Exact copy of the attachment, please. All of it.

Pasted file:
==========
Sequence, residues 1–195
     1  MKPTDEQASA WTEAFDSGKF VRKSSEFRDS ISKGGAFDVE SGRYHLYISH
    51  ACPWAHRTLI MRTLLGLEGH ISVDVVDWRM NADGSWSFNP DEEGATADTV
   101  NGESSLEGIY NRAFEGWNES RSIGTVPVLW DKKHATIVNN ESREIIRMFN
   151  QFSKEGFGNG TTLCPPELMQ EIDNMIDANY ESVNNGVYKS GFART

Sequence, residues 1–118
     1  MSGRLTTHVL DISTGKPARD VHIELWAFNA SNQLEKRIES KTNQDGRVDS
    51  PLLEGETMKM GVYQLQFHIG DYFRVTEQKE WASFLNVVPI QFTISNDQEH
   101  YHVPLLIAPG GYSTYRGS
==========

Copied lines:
Sequence, residues 1–195
     1  MKPTDEQASA WTEAFDSGKF VRKSSEFRDS ISKGGAFDVE SGRYHLYISH
    51  ACPWAHRTLI MRTLLGLEGH ISVDVVDWRM NADGSWSFNP DEEGATADTV
   101  NGESSLEGIY NRAFEGWNES RSIGTVPVLW DKKHATIVNN ESREIIRMFN
   151  QFSKEGFGNG TTLCPPELMQ EIDNMIDANY ESVNNGVYKS GFART

Sequence, residues 1–118
     1  MSGRLTTHVL DISTGKPARD VHIELWAFNA SNQLEKRIES KTNQDGRVDS
    51  PLLEGETMKM GVYQLQFHIG DYFRVTEQKE WASFLNVVPI QFTISNDQEH
   101  YHVPLLIAPG GYSTYRGS